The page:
1959 Maj. Dale R. Ruis and Master Sgt. Chester M. Ovnand become the first US servicemen killed in the US phase of the Vietnam War when guerrillas strike a Military Assistance Advisory Group (MAAG) compound in Bien Hoa, 30 km northeast of Saigon. The group had arrived in South Vietnam on 01 November 1955, to provide military assistance. The organization consisted of US Army, Navy, Air Force, and Marine Corps personnel who provided advice and assistance to the Ministry of Defense, Joint General Staff, corps and division commanders, training centers, and province and district headquarters.
    1957 William Cadbury, 89, chocolate maker
    1943 Jean Moulin Le chef du Conseil national de la Résistance, Jean Moulin, trahi, est arrêté à Caluire dans la banlieue de Lyon, le 21 Jun, lendemain de son 44ème anniversaire. Le nazi Klaus Barbie commence à l'interroger. Quelques jours plus tard, le 08 juillet, à Metz, dans le train qui part pour un camp de la mort dans lequel on a déposé son corps torturé, Jean Moulin meurt.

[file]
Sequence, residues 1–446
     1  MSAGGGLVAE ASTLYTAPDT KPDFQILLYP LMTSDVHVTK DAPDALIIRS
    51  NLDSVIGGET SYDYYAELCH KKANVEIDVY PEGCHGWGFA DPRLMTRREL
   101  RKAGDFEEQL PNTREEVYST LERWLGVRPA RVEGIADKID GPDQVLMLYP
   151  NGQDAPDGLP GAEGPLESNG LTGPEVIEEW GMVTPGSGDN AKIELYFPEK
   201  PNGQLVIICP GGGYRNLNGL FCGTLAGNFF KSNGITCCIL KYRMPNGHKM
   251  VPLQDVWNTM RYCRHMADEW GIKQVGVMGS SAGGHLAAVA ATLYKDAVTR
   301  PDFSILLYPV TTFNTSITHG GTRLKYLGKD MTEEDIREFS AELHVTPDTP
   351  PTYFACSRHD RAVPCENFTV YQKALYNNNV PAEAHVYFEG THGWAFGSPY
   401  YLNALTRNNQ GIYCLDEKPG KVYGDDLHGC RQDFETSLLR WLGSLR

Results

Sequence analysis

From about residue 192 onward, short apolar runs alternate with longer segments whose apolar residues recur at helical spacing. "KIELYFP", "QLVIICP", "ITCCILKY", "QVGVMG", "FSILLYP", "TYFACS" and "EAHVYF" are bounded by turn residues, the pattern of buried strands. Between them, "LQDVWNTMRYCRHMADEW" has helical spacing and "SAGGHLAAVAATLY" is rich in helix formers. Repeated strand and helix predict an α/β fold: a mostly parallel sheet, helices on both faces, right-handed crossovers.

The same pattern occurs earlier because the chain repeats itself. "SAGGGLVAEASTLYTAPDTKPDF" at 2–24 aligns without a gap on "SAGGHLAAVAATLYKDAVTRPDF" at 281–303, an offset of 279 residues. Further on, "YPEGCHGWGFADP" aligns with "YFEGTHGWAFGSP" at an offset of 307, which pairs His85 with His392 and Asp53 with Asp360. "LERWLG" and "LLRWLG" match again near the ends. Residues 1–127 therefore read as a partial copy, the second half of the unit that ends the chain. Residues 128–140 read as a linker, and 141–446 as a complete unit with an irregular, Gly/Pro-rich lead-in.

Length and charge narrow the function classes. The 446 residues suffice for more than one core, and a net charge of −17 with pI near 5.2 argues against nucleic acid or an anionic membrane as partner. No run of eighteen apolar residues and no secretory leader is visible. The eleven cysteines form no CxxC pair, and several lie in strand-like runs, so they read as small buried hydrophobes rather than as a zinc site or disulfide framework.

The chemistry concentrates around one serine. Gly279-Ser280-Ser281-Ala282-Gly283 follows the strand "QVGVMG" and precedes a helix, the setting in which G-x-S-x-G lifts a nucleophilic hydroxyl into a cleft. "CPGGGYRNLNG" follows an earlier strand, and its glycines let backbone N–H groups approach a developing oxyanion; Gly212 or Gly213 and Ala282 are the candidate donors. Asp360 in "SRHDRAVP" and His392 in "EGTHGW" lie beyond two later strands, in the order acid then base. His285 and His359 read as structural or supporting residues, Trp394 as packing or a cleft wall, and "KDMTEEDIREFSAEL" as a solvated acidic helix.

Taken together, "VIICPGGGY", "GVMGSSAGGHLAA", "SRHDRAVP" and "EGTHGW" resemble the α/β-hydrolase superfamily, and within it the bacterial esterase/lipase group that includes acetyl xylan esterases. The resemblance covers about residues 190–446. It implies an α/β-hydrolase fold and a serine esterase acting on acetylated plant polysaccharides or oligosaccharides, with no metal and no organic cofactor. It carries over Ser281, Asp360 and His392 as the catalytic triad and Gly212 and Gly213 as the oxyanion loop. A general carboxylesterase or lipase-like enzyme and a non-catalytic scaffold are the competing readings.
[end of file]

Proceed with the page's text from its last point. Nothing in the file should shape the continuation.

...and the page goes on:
1925 Robert Bevan, English Camden Town Group painter and lithographer, born on 05 April (05 August?) 1865. MORE ON BEVAN AT ART “4” JULY with links to images.
    ^ 1898 Jefferson Randolph “Soapy” Smith killed in Skagway, Alaska